“Ah, it’s a good thing I was a blithering idiot then and had the accident,” he exclaims. “Otherwise, I wouldn’t be here. Gives a whole new meaning to everything happens for a reason, right?”
I smile at him, surprised to learn that he kept his self-deprecating humor. Reading in magazines about his family’s success always did make me wonder if he’d changed or if he’d become more arrogant. So far, it seems not.
“How did you manage to get yourself into that mess?”
“If I make up a heroic reason, will you believe me?”
I burst out laughing. He cemented his status as my hero one lousy, rainy day after school. We were walking home when we heard howling. After sloshing around in the mud for a few minutes, we located the dogs. They were on the edge of the road, next to a ditch. I counted four pups and what looked like their dead mother. The pups desperately tried to get a reaction from her, pushing their little heads against her belly, and one of them licking her nose. I felt such an instant kinship with the pups who’d lost their mother that I couldn’t bear leaving them to fend for themselves. As Max and I bent to lift them, we noticed a fifth pup. He’d fallen into the ditch, which was very deep and narrow. Without hesitation, Max jumped inside it, pulling up the pup. It then took him nearly twenty minutes to get himself out. Grams and his mother, Jenna Bennett, nearly went into cardiac arrest when we returned home with five pups and covered in mud. I hero-worshiped him from that day on.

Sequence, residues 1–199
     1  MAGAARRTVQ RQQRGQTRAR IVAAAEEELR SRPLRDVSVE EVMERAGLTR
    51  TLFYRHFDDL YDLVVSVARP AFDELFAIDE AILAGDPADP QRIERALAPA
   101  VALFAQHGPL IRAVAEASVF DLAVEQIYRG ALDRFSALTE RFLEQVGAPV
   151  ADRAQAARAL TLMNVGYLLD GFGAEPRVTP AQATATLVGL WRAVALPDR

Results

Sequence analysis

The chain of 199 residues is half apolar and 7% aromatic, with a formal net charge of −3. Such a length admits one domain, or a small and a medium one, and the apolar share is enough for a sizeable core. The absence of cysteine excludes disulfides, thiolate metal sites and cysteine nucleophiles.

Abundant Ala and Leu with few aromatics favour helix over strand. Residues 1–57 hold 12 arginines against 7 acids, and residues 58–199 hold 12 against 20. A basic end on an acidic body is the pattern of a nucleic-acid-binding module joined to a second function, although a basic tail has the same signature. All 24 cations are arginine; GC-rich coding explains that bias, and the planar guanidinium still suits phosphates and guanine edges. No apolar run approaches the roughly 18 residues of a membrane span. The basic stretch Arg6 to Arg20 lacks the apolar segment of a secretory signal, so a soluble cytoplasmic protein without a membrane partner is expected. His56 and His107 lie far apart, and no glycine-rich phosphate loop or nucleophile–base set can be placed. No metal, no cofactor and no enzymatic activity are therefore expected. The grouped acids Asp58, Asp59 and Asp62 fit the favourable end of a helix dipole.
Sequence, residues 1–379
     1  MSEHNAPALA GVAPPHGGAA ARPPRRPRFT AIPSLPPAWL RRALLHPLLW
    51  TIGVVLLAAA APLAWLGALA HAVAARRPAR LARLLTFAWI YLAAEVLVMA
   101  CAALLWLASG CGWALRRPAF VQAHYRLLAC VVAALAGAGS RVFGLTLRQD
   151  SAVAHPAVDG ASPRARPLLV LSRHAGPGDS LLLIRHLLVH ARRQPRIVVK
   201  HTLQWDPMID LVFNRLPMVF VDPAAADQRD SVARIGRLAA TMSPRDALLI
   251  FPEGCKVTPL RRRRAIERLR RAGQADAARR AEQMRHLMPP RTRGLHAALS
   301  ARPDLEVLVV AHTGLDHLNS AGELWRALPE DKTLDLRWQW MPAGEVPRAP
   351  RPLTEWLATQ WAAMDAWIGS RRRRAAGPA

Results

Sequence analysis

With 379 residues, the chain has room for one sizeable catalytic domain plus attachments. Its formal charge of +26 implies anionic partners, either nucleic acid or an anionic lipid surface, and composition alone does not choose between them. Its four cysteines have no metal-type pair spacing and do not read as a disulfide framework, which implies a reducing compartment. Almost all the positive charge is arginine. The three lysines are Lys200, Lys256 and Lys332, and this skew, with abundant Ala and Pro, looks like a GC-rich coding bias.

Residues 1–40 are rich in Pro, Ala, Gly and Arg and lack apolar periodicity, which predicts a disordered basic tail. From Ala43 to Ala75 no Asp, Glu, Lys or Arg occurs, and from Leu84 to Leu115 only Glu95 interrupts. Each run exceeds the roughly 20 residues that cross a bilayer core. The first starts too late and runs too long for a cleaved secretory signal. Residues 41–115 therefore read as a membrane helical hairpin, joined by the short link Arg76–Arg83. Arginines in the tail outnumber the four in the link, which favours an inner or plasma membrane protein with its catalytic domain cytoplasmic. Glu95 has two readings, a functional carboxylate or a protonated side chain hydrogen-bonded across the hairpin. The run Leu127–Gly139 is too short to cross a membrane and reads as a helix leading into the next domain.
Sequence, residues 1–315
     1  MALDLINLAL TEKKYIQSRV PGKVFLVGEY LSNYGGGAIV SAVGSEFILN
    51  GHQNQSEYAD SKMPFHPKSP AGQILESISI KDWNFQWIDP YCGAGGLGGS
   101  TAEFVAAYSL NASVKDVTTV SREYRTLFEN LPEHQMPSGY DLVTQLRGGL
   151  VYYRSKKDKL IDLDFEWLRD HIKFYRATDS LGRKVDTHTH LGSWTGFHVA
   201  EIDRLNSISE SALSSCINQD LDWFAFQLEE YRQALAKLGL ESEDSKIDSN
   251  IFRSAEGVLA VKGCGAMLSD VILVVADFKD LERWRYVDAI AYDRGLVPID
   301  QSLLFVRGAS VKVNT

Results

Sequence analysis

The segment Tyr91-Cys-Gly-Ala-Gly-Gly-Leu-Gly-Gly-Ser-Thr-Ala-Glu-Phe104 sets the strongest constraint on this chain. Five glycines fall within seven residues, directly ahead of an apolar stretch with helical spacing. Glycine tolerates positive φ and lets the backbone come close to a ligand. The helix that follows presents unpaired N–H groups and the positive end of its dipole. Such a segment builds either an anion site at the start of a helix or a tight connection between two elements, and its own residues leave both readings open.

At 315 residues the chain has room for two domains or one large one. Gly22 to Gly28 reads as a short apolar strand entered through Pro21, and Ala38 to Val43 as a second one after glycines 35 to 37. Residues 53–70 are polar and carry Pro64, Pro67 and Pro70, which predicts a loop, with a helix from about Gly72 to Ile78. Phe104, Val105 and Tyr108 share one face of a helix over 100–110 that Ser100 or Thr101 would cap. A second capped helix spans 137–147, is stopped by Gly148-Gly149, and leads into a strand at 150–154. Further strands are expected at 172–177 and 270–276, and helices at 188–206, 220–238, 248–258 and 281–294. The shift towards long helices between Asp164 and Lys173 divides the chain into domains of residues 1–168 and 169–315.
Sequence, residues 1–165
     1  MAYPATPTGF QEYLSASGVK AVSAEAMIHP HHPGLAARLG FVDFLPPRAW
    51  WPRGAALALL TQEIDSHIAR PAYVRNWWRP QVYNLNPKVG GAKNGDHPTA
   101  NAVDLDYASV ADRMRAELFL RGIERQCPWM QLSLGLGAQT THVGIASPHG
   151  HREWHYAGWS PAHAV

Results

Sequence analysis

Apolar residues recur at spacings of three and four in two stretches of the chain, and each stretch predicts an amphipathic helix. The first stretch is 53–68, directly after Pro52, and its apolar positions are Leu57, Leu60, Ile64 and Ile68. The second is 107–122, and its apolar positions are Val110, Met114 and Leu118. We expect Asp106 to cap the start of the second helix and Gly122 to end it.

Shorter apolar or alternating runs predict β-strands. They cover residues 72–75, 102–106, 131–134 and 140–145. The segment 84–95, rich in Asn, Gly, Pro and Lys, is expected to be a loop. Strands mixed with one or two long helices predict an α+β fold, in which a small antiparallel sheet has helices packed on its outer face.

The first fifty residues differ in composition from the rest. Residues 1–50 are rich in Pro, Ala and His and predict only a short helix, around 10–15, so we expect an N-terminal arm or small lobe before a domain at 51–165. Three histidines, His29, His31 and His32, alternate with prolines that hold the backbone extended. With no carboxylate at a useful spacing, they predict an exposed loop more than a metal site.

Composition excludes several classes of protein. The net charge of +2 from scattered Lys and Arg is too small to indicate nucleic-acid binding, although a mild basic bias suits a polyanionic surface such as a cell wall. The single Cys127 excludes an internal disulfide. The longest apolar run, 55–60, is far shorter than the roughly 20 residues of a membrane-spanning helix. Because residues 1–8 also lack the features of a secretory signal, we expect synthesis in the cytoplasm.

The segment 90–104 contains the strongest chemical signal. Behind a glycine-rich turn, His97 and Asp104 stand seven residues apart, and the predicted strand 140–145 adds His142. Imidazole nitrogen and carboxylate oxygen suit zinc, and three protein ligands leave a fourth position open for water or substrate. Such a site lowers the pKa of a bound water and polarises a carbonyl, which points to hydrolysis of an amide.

“I know you can be a hero, all right. But the skydiving accident is in your file.”
He groans, then tugs with his teeth at his lower lip, and I can’t help admiring his lush mouth. Had his lips always been this full? And why, in the name of all that is holy, am I having these thoughts? The training room suddenly feels too small, as does the distance between us.
“I never took you for the skydiving type,” I continue.
“I’m not. Just made a bet with Blake. I was flying with a trainer and still managed to crash land.”
At the mention of his younger brother, I can’t help grinning.
“Damn, I have so many questions for you, I don’t know how to get them out fast enough,” he says.
“Pretty much describing my current dilemma.” I hold up a finger. “But, we need to start with the session. Kurt warned me that I should keep the relationship professional during our sessions.”
Max cocks an eyebrow. “What did he think I’d do? Jump your bones the moment I saw you?”
Heat rushes to my cheeks at his words, and I lower my gaze, suddenly flustered. Thank heavens we’re far enough from the others that they can’t hear us.
“I see you still put your foot in your mouth every chance you get,” I inform him.
“I do, but that came out wrong. I didn’t mean there’s anything wrong with jumping your bones. In fact, you filled out beautifully. As your oldest friend, I’m allowed to say that without sounding like a pervert, or like I’m hitting on you. You are beautiful.” He utters those last few words in a lower tone and damn, it makes all my lady parts tingle.
“You haven’t aged too bad either, Bennett. You wear a suit well,” I volley back, though my skin is simmering. Teasing each other was one of the backbones of our friendship, but now it feels different. Max wears a gray suit, and he wears it as if he’s been born into it, which couldn’t be further from the truth. I saw him running around in jeans or shorts and simple shirts our entire childhood, but there is something about him in a suit that is absolutely irresistible.